BookTok: The Desire to Become a Reader


Screenshot by: Adriana Hernandez. Instagram page: @apaperbacklife

Grab a highlighter, some colorful sticky notes, and wipe away the dust from that book, because reading is cool. Or, is being made out to be on social media.

Apps like Instagram and TikTok are showcasing book recommendations, digital book clubs, and book influencers renewing interests in reading. It is no wonder reading has gained popularity. 

Screenshot by: Adriana Hernandez. Instagram page: @ellereadsomebooks

One of the most famous hashtags, #BookTok, short for “Book TikTok,” has garnered 114.2 billion views for its constant book recommendations in all genres.   

BookTok is a “community of users on TikTok who are passionate about books and literature.” These entertaining videos have revolutionized the literary and publishing communities by focusing on popular books. This has created a new way of discussing, reviewing, and recommending books for everyone.

As its aesthetic book covers, reading challenges, and “how-to-annotate” tutorials show up on users’ pages, a new generation of readers has emerged. 

Yoali Roque, a communications major at the University of North Georgia, has seen the videos of #BookTok and is so happy with its impact on new or returning readers.

Since she was a kid, Roque loved to read, but noticed that she grew out of it as she grew older. However, as she kept seeing #BookTok on her feed, it reawakened a love for reading again.

“Books are great and I think everyone should read. All I see on my home page are book recommendations and it gives people options to see what they like.” – Yoali Roque, senior communications major at UNG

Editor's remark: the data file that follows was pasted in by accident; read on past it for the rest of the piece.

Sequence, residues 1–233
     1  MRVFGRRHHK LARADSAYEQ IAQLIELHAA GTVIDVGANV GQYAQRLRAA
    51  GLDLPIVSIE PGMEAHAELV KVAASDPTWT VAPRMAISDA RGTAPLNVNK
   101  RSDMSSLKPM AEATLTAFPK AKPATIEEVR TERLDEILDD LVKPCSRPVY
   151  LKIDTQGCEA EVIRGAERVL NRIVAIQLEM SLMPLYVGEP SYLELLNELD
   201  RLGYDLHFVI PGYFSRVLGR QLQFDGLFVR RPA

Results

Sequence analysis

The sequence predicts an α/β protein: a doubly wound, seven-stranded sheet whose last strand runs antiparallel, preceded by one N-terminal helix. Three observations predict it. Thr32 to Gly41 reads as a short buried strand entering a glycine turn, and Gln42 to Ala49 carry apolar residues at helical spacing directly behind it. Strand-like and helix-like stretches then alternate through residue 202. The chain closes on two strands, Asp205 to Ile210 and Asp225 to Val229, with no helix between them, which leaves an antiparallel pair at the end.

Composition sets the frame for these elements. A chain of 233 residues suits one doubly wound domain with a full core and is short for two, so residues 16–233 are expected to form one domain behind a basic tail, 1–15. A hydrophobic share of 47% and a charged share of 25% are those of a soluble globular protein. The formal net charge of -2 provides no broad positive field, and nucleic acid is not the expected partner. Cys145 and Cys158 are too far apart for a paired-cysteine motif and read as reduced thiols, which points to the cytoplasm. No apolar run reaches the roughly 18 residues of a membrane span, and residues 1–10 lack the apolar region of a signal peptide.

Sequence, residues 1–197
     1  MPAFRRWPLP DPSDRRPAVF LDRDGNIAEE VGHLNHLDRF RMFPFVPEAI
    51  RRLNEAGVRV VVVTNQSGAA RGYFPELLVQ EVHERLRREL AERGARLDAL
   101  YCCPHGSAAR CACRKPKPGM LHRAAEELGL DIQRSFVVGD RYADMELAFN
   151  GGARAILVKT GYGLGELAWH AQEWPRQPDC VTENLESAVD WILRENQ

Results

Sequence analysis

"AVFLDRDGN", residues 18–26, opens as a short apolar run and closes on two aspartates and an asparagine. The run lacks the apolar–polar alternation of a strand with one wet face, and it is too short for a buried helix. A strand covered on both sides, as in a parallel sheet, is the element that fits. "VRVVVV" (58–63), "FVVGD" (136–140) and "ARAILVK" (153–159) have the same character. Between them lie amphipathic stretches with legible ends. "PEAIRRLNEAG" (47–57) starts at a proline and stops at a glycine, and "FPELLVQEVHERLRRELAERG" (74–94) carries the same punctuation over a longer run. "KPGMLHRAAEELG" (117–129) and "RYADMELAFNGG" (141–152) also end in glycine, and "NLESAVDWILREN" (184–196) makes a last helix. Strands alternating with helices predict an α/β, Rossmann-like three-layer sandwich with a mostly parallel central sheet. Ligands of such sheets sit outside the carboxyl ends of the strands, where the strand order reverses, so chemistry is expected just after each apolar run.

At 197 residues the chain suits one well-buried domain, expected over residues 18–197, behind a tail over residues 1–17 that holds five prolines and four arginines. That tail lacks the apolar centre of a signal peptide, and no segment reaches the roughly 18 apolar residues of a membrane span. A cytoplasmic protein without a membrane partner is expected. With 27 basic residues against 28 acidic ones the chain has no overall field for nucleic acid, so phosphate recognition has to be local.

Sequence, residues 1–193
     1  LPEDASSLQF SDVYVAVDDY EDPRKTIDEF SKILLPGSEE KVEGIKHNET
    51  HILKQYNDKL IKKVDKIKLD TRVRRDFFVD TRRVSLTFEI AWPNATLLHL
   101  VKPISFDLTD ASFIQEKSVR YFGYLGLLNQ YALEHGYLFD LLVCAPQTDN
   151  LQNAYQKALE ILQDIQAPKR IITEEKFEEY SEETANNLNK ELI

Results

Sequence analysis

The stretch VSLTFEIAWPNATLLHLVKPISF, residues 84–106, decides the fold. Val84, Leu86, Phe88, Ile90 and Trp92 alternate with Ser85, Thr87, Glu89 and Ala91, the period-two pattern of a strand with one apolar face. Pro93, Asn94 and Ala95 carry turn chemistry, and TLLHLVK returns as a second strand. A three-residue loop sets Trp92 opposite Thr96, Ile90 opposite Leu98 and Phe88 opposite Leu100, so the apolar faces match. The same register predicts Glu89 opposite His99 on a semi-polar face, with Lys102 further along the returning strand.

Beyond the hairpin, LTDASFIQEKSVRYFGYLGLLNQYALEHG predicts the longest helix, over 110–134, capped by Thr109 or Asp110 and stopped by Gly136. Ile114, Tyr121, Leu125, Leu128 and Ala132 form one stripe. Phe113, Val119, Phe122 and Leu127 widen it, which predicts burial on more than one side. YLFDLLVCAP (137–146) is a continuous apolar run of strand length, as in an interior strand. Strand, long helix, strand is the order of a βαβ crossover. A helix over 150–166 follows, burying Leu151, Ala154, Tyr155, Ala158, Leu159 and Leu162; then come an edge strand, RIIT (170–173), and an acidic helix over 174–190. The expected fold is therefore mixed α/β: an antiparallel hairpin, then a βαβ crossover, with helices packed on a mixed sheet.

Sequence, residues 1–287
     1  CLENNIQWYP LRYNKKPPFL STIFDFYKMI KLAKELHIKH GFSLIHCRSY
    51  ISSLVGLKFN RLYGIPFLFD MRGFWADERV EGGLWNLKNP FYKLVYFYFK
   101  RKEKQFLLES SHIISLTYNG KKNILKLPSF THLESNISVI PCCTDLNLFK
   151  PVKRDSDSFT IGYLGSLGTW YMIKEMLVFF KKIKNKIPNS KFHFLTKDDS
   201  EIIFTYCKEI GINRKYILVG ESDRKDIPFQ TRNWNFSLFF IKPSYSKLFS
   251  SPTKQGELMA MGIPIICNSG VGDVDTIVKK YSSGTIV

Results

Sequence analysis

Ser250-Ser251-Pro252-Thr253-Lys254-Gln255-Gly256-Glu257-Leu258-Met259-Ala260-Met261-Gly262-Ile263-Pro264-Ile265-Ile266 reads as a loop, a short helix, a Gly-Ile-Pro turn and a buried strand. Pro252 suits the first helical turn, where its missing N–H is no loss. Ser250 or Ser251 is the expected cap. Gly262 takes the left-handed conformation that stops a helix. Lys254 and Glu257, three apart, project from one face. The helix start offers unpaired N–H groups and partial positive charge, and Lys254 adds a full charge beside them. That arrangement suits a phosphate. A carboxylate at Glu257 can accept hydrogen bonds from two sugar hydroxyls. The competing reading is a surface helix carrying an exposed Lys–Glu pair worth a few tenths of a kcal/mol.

However, older readers say most people started reading again because it became a trend. They want to have the aesthetic reader vibe, buy 100 books, sticky note everything, but do not want to read.

As the fondness for reading increases, many complain about how this hobby has turned competitive. Tensions arise as people try to be the ‘most aesthetic.’ They fight to read more books, have the best colored-shelves, and most annotations on their book.   

Barry Pierce, a former Book YouTuber, says it is more about the lifestyle aesthetic than actual reading. Although he was one of the biggest creators at the time, Pierce left Youtube near the end of the 2010s. 

Screenshot by: Adriana Hernandez. Instagram page: @czaversusbooks

He remembers seeing other YouTubers being pawns in the hands of publishing houses. The authenticity of reviews or hauls was not there anymore. He says, “the act of reading became replaced by the act of being a reader.” He states that BookTok has gotten to the same place, only much faster.      

“With all of this effort being put into being seen as a reader, one wonders how any of them have the time to read.” – Barry Pierce, Book YouTuber

According to TonerBuzz, print sales of books have increased in 2021 due to the lockdown and COVID-19 pandemic. “825.7 million print books were sold in the US in 2021, up from 757.9 million in 2020.”

Although the performative aspect of reading has led some to some skepticism, many are happy that people want to read again, no matter where the inspiration came from.

Bookclub member Carol Smith is fascinated by younger generations starting to read for pleasure. An avid reader, she knows what a great book can do to someone, “I think I read more than the average person.”

One of the earliest memory of her is visiting the library with a book in hand, soaking in and immersing herself in the story. And she is happy that there is a place for people to experience the thrill of reading and knows an app like TikTok will make it appealing to the younger generation.

“‘An online book community?’ Oh dear, I’m going to start looking into #BookTok, it sounds fantastic.” – Carol Smith